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Chronic obstructive pulmonary disease: all things inhaled and more

Jane Scullion looks at the latest evidence linked to prescribing for COPD patients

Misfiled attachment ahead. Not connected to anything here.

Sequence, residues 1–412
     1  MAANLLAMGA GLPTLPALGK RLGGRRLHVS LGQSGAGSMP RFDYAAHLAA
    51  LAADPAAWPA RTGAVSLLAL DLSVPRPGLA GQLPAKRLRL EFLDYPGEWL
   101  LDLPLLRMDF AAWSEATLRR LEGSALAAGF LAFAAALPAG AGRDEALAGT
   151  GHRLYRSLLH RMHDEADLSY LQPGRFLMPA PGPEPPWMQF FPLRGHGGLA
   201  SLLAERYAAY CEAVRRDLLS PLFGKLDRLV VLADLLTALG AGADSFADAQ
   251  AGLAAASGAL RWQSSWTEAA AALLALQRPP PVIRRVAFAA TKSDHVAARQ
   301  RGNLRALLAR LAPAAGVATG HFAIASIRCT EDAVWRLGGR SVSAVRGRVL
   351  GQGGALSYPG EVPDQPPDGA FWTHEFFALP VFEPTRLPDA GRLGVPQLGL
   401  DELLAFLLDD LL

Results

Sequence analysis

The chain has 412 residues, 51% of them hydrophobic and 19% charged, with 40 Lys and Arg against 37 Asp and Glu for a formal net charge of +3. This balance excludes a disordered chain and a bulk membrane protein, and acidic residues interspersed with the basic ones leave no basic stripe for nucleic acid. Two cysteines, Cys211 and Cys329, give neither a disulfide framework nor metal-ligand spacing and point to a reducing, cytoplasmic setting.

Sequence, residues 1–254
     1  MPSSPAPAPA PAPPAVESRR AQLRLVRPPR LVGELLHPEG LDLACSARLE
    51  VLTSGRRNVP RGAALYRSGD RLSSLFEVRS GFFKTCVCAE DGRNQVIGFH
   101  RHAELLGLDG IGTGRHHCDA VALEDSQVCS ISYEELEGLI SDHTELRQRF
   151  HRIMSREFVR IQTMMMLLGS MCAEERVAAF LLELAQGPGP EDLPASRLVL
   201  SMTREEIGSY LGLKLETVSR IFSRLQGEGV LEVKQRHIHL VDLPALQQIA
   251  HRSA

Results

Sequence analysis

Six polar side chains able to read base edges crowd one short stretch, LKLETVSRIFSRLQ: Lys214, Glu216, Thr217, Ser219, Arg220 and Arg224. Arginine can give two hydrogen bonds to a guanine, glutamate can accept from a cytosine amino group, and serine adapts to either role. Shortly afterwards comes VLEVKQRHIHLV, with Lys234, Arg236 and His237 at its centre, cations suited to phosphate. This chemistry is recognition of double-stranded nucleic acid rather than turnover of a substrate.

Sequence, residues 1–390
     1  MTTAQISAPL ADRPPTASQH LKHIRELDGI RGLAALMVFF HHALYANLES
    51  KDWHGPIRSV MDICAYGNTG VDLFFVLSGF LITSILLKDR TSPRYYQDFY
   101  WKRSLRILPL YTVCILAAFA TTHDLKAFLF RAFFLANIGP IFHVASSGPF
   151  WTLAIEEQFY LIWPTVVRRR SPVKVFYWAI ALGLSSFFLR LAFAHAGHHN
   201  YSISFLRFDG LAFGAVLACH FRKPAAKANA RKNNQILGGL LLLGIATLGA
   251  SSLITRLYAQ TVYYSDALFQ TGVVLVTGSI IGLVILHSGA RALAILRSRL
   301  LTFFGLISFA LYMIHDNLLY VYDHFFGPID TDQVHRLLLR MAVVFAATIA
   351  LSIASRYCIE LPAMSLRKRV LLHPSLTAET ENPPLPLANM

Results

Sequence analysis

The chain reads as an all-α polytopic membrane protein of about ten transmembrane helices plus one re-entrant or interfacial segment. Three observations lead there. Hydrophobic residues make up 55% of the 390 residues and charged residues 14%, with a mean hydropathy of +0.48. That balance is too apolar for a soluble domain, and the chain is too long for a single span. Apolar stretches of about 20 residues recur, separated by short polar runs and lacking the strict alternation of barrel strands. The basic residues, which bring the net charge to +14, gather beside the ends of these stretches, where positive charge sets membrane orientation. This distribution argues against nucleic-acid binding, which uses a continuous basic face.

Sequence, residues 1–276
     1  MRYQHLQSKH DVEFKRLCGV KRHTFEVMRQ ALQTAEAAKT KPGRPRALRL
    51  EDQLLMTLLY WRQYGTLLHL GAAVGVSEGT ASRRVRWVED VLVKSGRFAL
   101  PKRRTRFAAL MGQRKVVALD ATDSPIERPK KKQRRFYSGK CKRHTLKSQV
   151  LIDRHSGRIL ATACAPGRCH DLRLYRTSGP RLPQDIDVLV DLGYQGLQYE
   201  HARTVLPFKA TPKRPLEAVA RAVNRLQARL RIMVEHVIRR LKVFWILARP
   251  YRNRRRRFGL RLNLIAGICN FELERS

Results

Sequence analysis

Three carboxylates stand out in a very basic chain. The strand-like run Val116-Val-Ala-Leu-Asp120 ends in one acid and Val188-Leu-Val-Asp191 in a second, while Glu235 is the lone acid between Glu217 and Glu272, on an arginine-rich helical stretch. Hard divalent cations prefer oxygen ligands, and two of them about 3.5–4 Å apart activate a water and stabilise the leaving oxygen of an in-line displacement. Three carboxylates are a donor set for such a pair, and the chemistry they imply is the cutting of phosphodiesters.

The burden of chronic obstructive pulmonary disease (COPD) is well documented along with the impact at the societal and personal level.1,2 It is caused by noxious substances and /or gases entering the lungs. This leads to abnormalities in the small airways of the lungs limiting airflow in and out of the lungs due to a combination of small airways disease (obstructive bronchiolitis) and destruction of the lung parenchyma (emphysema). This leads in turn to the well-recognised symptoms of COPD dyspnoea, cough, regular sputum production and wheeze, although these vary between individuals.1 These symptoms are chronic and progressive so early intervention is important and guidelines remind us that COPD is both preventable and treatable.1

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